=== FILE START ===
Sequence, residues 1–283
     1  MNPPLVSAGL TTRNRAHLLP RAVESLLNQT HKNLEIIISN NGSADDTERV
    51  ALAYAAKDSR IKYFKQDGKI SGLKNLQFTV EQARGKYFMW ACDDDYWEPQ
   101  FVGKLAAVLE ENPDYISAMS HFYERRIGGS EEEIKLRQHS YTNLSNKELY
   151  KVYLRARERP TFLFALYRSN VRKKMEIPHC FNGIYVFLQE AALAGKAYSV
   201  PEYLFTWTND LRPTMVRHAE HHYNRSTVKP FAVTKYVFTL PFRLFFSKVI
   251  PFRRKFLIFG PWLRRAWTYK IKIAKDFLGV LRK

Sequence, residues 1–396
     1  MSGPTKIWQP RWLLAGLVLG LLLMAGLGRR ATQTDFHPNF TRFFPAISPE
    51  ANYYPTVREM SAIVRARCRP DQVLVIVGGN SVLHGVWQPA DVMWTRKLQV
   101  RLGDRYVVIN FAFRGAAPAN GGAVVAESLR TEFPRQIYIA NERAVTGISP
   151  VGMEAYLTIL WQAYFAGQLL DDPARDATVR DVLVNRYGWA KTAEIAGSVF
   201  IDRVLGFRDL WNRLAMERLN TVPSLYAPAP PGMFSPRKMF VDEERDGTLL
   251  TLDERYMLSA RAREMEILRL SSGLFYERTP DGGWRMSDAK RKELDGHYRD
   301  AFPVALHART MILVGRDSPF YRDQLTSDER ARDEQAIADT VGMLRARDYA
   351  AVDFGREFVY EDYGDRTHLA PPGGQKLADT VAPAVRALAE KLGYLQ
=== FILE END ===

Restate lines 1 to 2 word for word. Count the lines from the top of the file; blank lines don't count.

Sequence, residues 1–283
     1  MNPPLVSAGL TTRNRAHLLP RAVESLLNQT HKNLEIIISN NGSADDTERV